Othello Topic Tracking: Jealousy
Jealousy 1: The play opens with a discussion of jealousy. Iago is upset because Othello selected Michael Cassio as his lieutenant. He is jealous of Cassio's position both in the military and with Othello's service. This initial jealousy is the catalyst for the play's sequential plot of mixed jealousy and destruction.
Jealousy 2: Brabantio is partially jealous of the Moor for stealing his daughter's love. He no longer may be the most important man in Desdemona's life. Furthermore, Roderigo is in love with Desdemona, and is slightly jealous of her relationship with Othello.
Jealousy 3: The lovesick Roderigo has trouble with his hidden feelings for Desdemona and is jealous watching the two in love. He follows Iago's directions easily, perhaps partially because of his jealousy of Othello's relationship with Desdemona.
Jealousy 4: Iago openly divulges his plan of destruction, which incorporates jealousy as the key factor. He intends to create a strong sense of jealousy in Othello by setting up the mirage of an affair between Desdemona and Cassio.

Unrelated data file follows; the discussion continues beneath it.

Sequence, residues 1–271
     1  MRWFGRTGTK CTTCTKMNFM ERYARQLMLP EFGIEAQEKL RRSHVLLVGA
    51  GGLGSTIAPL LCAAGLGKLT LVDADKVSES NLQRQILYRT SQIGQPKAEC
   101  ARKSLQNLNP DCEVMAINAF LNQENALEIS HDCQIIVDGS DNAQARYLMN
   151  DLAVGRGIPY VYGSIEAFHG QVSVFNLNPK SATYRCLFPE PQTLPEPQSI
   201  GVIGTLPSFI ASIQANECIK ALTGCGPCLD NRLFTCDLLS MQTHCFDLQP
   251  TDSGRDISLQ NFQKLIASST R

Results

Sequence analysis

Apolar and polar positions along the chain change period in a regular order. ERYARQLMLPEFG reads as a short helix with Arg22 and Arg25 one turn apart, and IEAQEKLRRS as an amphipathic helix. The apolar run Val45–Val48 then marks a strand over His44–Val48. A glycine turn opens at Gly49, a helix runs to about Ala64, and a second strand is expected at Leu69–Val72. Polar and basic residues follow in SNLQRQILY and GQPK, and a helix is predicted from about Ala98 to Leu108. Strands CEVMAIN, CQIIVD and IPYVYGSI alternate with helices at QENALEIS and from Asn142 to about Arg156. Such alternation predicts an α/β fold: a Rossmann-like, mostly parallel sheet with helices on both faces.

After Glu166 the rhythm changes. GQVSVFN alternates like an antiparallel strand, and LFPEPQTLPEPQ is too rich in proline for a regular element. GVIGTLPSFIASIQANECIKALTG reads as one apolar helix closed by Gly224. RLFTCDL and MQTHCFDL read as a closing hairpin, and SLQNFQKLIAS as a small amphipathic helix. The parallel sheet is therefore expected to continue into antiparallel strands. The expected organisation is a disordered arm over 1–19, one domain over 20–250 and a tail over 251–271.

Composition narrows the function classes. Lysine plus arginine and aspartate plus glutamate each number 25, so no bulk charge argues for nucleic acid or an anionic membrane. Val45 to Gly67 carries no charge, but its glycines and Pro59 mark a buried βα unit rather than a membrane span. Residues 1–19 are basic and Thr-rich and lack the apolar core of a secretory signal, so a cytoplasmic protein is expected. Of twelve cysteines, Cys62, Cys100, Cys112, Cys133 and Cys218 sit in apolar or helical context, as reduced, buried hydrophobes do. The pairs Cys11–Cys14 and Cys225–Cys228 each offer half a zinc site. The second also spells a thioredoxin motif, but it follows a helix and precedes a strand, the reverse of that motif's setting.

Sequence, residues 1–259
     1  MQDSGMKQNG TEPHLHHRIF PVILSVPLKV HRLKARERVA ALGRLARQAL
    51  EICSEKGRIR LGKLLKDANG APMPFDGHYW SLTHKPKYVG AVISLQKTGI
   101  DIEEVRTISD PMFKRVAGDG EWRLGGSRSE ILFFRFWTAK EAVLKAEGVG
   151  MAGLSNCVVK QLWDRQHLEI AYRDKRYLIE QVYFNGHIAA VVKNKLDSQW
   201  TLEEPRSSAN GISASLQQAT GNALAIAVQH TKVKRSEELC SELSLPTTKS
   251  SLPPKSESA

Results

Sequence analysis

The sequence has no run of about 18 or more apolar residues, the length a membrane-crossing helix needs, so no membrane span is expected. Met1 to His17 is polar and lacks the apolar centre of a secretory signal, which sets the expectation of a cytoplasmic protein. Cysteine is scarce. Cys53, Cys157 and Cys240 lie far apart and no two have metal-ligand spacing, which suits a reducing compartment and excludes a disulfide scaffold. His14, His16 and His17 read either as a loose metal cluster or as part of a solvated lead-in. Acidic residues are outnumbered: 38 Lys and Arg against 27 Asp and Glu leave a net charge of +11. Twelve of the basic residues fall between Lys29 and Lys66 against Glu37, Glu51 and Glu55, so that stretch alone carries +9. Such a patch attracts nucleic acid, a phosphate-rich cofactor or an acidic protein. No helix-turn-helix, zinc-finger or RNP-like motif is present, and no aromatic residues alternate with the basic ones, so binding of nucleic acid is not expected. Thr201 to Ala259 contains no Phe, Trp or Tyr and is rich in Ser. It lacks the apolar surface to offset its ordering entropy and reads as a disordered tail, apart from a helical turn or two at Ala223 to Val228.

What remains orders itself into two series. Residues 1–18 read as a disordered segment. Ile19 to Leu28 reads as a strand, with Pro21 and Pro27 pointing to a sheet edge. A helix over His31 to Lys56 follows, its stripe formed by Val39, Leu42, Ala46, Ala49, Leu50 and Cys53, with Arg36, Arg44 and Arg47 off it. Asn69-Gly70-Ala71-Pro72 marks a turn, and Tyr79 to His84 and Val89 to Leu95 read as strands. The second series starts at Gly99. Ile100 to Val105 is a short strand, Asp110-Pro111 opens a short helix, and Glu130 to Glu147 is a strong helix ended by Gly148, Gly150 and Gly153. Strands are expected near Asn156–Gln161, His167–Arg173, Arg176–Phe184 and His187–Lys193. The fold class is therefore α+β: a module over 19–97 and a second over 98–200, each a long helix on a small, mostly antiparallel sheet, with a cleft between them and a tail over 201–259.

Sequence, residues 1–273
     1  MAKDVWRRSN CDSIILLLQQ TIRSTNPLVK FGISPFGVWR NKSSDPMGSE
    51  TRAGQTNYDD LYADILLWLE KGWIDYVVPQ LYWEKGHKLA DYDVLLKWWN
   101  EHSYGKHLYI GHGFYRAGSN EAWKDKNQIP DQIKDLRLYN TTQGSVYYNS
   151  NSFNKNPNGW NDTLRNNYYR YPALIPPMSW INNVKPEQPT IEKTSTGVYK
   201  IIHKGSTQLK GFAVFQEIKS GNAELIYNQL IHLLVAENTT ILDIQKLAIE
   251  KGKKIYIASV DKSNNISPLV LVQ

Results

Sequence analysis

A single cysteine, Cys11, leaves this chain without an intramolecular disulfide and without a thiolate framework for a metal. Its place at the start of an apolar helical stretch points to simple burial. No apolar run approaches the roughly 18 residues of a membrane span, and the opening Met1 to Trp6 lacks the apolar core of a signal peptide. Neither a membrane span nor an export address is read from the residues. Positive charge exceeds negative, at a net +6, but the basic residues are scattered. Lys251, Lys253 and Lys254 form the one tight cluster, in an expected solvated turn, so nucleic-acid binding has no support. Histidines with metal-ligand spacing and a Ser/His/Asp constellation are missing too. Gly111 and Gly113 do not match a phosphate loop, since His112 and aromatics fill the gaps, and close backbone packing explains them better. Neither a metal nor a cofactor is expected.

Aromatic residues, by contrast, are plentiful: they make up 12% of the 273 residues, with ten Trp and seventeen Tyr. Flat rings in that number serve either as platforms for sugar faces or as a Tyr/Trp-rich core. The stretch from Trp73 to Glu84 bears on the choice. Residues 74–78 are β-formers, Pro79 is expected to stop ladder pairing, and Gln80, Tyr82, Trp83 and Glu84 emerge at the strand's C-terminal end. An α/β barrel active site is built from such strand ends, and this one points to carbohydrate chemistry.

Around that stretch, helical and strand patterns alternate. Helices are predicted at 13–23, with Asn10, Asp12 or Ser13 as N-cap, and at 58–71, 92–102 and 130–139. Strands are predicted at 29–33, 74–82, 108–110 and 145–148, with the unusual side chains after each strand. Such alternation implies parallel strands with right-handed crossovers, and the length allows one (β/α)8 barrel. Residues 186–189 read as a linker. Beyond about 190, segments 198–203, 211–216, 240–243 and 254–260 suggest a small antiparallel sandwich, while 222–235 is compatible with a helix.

Jealousy 5: Iago plants seeds of jealousy in Othello and then speaks of the 'green-eyed monster' as a force to be feared. Jealousy is personified as a monster.
Jealousy 6: When Iago tells Othello of the handkerchief, he has the evidence necessary to prove Desdemona's unfaithfulness. It is now that the jealousy sinks deep into Othello's soul and starts to vividly destroy his psyche.
Jealousy 7: Bianca, Cassio's common lover, also becomes sick with jealousy. She sees the planted handkerchief in Cassio's room and believes him to also have taken a lover. Her jealousy exists on a much smaller scale, but illustrates that the sentiment is universal.
Jealousy 8: As the play concludes, all causes of jealousy are proved false. Desdemona was never unfaithful, but Othello realizes the truth too late. Jealousy is the source of pain and death for these tragic characters; the green-eyed monster has succeeded in killing them.